This past weekend - the Black Business Professional and Business Association (BBPA) honored some of Canada's best and brightest at the Harry Jerome Awards. Among the distinguished recipients was Tanya Walker.
Walker, with her tireless volunteering efforts, is no stranger in the community. The Osgoode Hall Law School educated lawyer with her own Bay Street Law firm -- Walker Law Professional Corporation -- has been a consummate volunteer and was recently featured on a Black History Month poster that was on display across Canada. The recipient of many accolades including Woman's Enterprise Woman of the Year Award shares with me her thoughts about her career, her future aspirations and what it has meant to receive an award named after such an accomplished Canadian role model, Harry Jerome.
Congratulations on receiving the 2013 Harry Jerome Young Entrepreneur Award. You must have been excited to receive an award named after an important noted Canadian
Thank you for the well wishes and taking the time to interview me. Harry Jerome was a successful Canadian track and field athlete that overcame challenges to succeed while continuing to give back to the community. I am honoured to receive this recognition and am encouraged to follow in his footstep of achieving success and philanthropy.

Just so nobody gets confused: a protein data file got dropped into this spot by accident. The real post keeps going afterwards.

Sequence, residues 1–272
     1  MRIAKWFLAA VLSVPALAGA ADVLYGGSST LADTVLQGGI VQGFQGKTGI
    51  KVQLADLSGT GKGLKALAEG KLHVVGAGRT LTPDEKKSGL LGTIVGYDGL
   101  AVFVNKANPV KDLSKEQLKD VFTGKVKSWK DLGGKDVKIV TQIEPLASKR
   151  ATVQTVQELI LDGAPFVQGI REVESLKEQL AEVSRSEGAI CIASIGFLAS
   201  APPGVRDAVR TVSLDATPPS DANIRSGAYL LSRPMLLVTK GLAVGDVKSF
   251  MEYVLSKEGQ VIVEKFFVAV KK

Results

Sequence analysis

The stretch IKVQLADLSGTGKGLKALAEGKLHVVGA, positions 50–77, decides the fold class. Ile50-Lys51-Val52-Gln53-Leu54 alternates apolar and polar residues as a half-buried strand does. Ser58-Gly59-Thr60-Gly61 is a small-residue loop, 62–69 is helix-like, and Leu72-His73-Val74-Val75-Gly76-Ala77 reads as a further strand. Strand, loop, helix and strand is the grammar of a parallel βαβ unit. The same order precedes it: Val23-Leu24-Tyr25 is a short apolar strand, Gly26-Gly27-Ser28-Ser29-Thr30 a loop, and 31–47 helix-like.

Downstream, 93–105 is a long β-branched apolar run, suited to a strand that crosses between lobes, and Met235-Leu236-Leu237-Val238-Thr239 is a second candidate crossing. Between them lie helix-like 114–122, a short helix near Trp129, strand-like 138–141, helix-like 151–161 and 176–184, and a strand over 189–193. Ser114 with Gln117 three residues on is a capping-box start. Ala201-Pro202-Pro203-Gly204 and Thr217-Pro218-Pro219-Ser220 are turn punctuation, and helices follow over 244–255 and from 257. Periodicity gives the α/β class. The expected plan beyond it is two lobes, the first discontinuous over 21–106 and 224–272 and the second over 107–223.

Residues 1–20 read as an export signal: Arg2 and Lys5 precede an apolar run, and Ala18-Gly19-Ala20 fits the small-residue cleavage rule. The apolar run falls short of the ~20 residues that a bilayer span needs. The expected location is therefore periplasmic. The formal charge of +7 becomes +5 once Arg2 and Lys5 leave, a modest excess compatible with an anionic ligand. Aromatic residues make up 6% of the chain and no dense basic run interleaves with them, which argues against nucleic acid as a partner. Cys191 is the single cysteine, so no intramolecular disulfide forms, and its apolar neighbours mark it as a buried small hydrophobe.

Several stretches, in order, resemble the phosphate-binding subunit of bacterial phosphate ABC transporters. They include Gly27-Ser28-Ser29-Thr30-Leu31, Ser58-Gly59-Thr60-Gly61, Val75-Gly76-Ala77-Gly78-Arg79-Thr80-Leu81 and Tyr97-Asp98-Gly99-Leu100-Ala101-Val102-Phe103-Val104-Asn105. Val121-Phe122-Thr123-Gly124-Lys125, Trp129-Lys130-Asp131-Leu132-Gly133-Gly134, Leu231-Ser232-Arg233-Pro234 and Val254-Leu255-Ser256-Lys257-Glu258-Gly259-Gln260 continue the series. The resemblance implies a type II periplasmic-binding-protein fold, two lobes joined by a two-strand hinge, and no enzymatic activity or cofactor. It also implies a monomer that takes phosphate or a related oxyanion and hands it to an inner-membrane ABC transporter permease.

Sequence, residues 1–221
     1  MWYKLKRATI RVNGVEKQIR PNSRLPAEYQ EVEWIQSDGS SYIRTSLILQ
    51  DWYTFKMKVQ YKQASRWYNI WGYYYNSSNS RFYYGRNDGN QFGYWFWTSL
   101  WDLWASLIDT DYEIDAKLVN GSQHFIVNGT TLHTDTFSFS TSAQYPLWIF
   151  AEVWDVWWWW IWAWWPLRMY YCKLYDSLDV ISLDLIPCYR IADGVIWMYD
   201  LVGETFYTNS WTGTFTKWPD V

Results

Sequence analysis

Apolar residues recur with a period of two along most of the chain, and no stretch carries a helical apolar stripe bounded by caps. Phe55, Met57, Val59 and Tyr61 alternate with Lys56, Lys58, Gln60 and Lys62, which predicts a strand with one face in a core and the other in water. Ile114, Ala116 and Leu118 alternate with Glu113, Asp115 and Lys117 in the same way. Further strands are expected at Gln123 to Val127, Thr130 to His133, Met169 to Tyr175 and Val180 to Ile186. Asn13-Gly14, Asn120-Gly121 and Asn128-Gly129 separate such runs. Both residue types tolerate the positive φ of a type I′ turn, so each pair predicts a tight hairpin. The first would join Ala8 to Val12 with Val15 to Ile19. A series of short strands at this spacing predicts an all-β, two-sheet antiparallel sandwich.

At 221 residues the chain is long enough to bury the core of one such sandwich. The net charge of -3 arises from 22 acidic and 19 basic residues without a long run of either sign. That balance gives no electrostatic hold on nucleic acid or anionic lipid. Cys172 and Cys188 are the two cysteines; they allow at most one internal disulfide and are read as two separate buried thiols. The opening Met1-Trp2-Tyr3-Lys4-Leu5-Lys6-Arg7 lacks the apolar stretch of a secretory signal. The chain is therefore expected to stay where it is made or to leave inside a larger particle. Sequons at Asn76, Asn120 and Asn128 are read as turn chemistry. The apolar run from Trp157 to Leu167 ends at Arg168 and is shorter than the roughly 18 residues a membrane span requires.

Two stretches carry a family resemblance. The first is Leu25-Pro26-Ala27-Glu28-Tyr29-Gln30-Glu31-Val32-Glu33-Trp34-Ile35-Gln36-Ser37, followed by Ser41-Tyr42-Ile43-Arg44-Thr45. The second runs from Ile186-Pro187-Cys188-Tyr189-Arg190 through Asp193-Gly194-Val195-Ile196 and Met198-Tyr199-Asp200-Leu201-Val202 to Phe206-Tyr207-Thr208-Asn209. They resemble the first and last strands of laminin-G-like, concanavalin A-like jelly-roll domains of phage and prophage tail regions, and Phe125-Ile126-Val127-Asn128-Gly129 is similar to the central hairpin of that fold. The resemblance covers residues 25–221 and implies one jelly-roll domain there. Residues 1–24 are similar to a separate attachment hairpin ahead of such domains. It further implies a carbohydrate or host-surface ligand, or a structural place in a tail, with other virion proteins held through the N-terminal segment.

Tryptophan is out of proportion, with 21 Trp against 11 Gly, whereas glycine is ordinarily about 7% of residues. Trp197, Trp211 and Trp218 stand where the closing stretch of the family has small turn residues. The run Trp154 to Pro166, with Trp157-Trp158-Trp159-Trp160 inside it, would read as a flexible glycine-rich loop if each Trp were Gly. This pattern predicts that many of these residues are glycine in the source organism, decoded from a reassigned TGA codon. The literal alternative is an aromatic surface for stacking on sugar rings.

I am fortunate to live in a time where owning a Bay Street commercial litigation firm is attainable.
Tell me about your involvement with the Canadian Association of Black Lawyers (CABL)?
I have been a member for many years and really appreciate the work that the association accomplishes. In 2011, I presented on financial management at the CABL annual conference. In 2012, I presented on branding and trademarks also at the annual meeting.
For those considering law school, what wisdom would you most like to share? What was your experience like?
It is important to maintain strong grades. Mentoring is very important. If you are considering applying to law school, being able to surround yourself with people that you trust and want to guide you is helpful. What surprised me about law school was the strong sense of community that I felt. The professors were great and supportive. I continue to maintain the friendships that I have made with the alumni. I was the first year representative for the Black Law Students Association, then the president for two years. I really appreciated having guidance and support from members of CABL.
You are an active volunteer in the community. What have you learned from your experience so far and what are some of your future plans?
It is important to give back. Contributing time will make a big difference in someone's life. I would like to continue to volunteer, and keep my clients more than satisfied. I really don't want to pigeon hole myself. The opportunities available are endless, and the sky is the limit.
Who are some of your role models?
Other than my parents, I look up to Jean Augustine, who is also my mentor. Barack Obama, Sheryl Sandberg and Maya Angelou are a few others. I admire people that work hard, think outside of the box, and despite their accomplishments appear to be down to earth.